Courts shouldn’t waste time hearing frivolous petitions

Sunday September 10 2017

Supreme Court judges in court during the hearing of the presidential petition on August 29, 2017. Courts should not waste time  hearing frivolous petitions. PHOTO | JEFF ANGOTE | NATION MEDIA GROUP

Supreme Court judges in court during the hearing of the presidential petition on August 29, 2017. Courts should not waste time hearing frivolous petitions. PHOTO | JEFF ANGOTE | NATION MEDIA GROUP  

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Whatever you do in the name of justice, please remember that gold is one name of a nation’s wealth, that time is the most precious investment in the given nation’s production of golden wealth, and that justice is the measure of how the nation shares out its gold and other material and ideal products of that kind.

Do remember, moreover, that time is the most important investment in a nation’s production of gold and others of what the nation needs for it to live an increasingly decent human life.

Thus, in a poor country like ours, anybody or institution that squanders time in all kinds of expensive frivolity is committing a capital crime against society.

Why? Because, in that way, he or she is digging the graves of very many human beings who call themselves Kenyans. That is why national saving should be among the central doctrines and central activities of the government of Kenya.

In fact, a cabinet-level office dedicated solely to national saving might be marvellously appropriate in a country like ours choking in consumer madness.


Yet, for the moment, for a society led by a colonially produced and colonially educated elite, that is simply an impossibility.

Dedicated to the most negative aspects of individualism and self-seeking, given totally to reaping into one’s own basket –  that is the central teaching of that same liberalism which Western Europe and North America have recently unloaded onto our continent and worldwide.

That seems to be what – in its ideal “heavenly” form – is called salvation. Every one of our colonial teachers advanced the marvellously shameless teaching that God helps only those individuals who help themselves, a teaching which can only mean that God is the one who blessed the inhuman ruthlessness with which a certain class of Europeans once helped themselves to Africa’s property, their absolute lack of human conscience.

That was the class from which Africa’s post-colonial ruling class took over at what the culprits still know cynically as “freedom” and “independence”.  As a “liberation” doctrine, it consists in helping yourself systematically to other people’s property without any jarred conscience, the teaching whose ideal is what the Church calls “heavenly salvation”.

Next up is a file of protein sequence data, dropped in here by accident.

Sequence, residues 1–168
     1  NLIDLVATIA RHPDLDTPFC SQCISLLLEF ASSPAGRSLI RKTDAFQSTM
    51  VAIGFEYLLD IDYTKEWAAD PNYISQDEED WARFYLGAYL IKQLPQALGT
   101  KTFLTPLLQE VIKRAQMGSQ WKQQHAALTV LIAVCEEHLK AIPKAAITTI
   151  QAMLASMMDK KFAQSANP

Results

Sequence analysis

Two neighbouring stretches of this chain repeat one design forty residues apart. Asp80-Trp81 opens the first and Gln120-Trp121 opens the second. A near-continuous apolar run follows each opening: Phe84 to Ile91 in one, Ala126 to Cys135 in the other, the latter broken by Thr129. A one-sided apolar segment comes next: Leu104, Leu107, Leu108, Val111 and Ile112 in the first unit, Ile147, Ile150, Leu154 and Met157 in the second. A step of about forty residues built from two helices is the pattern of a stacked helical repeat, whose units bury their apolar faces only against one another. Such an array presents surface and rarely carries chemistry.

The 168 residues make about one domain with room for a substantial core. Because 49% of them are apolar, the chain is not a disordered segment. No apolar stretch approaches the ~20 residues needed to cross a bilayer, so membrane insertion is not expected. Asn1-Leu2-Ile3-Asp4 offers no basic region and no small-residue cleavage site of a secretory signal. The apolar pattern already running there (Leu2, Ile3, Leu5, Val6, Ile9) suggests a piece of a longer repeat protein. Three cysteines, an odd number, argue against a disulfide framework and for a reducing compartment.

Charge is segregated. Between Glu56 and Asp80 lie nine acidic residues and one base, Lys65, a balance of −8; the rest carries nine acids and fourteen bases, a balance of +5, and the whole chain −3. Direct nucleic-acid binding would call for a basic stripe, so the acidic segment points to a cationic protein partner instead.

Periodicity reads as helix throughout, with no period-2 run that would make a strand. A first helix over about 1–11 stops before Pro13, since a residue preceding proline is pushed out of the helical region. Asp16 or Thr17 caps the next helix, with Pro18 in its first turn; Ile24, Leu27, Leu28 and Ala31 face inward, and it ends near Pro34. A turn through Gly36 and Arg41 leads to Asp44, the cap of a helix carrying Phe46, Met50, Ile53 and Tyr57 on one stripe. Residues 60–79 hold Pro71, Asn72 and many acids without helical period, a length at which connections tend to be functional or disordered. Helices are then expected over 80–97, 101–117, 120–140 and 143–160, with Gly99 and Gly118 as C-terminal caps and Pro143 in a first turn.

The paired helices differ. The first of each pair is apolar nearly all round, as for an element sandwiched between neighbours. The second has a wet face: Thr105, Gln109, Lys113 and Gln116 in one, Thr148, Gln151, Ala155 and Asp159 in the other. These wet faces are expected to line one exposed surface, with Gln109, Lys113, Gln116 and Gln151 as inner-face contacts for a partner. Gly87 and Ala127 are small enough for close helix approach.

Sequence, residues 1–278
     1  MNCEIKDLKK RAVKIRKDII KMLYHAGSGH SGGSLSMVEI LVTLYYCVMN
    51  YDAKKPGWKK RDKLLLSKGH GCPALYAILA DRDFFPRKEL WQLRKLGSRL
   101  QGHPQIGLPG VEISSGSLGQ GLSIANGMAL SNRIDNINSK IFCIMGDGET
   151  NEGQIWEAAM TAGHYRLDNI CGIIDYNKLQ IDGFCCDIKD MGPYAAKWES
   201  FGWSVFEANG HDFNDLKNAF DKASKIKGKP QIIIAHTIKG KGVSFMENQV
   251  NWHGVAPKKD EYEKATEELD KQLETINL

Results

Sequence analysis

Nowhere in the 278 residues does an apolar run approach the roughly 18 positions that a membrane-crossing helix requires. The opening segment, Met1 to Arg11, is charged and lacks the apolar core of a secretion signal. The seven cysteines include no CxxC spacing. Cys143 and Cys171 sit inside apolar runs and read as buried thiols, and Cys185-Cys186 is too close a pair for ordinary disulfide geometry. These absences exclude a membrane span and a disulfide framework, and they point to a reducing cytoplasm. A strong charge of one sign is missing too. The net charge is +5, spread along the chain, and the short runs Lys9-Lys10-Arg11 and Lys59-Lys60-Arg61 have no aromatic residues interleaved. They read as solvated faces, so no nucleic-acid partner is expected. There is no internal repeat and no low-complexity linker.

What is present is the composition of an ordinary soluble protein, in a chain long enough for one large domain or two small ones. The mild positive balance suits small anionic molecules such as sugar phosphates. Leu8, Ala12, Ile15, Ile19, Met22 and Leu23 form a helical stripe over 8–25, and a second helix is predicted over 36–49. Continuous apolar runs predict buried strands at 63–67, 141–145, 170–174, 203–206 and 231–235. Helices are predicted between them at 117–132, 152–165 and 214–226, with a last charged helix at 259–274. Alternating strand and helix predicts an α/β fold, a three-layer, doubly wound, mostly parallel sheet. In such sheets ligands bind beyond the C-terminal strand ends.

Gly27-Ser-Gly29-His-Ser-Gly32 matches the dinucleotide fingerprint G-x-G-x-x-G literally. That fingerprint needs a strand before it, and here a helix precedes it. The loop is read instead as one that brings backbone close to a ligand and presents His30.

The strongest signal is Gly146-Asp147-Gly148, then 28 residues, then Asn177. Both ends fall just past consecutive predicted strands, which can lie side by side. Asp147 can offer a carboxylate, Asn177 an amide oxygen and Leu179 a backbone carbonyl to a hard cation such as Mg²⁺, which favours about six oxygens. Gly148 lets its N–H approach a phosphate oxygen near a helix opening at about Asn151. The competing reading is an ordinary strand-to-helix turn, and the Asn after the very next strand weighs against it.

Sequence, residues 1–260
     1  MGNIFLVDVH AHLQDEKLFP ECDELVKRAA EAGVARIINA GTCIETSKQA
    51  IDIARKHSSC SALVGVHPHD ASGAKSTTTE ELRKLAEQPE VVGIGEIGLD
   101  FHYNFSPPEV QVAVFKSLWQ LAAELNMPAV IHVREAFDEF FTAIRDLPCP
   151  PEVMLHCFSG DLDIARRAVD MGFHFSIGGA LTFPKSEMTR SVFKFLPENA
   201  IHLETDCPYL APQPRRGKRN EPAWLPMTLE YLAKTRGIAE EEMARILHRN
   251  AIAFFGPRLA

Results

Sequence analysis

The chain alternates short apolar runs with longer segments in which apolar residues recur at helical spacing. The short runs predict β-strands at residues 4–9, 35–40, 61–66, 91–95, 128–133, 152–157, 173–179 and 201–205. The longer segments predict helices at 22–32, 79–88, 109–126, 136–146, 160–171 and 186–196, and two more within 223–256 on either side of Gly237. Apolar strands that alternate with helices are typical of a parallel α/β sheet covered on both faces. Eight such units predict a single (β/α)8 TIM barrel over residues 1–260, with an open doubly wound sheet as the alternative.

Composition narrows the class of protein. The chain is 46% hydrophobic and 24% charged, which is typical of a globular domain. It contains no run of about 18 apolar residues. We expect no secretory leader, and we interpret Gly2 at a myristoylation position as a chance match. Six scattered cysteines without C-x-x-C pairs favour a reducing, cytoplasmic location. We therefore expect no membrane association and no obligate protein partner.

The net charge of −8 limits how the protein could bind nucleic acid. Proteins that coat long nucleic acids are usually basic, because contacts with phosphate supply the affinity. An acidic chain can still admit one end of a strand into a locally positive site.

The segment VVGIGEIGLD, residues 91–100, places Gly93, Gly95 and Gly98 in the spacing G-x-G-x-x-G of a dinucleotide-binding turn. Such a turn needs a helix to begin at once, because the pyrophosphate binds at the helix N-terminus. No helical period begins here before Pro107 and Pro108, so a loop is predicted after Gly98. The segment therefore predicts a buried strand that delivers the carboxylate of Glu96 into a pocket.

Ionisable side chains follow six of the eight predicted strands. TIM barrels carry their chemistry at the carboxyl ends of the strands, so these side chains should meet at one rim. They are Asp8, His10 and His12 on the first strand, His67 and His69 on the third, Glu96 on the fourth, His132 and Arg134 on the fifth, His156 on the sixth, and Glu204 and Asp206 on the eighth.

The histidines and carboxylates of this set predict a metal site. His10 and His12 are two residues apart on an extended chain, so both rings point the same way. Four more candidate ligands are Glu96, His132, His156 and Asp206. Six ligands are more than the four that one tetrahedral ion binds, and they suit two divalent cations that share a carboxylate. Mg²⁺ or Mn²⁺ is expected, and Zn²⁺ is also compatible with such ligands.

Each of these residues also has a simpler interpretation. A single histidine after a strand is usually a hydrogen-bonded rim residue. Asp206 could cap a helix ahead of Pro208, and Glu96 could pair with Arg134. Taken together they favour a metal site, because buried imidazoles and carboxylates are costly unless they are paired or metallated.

The Third World’s colonially produced and post-colonially nurtured elite, Kenya’s being exemplary among them, is a hundred times more voracious – more dedicated to highly expensive daily consumption – than are the larvae of certain insects. The question is thus fixed upon you like Medusa’s face.

How can such an elite serve as a country’s most important moral teachers and development factors?

How can it serve as the instrument of national saving and justice? Of all the goods that the civil service and the political class steal from their increasingly impoverished mothers, fathers, sisters and brothers and fritter away in the most mindless consumer orgies, gold is the biggest objective enemy of the countries newly independent from European colonialism.

Yet – and that is the most glaring self-contradiction in the modern world’s teachings on political economy – gold is among the measures of national prosperity in the official treasury.


Thus – with such little gold in its treasury – Kenya just cannot afford to fritter away any vital time in frivolous court cases because time is an overriding factor in the composition of any economic product.

In a word, a court’s time is public time. A court’s time is public property.

That is why, every time anybody frivolously goes to court, it is the public’s property that he or she is squandering in his or her own selfishness.

And, as time is among the most expensive commodities in any society, it is high time Kenya’s public demanded that the courts stop wasting time hearing even the most frivolous of all election petitions.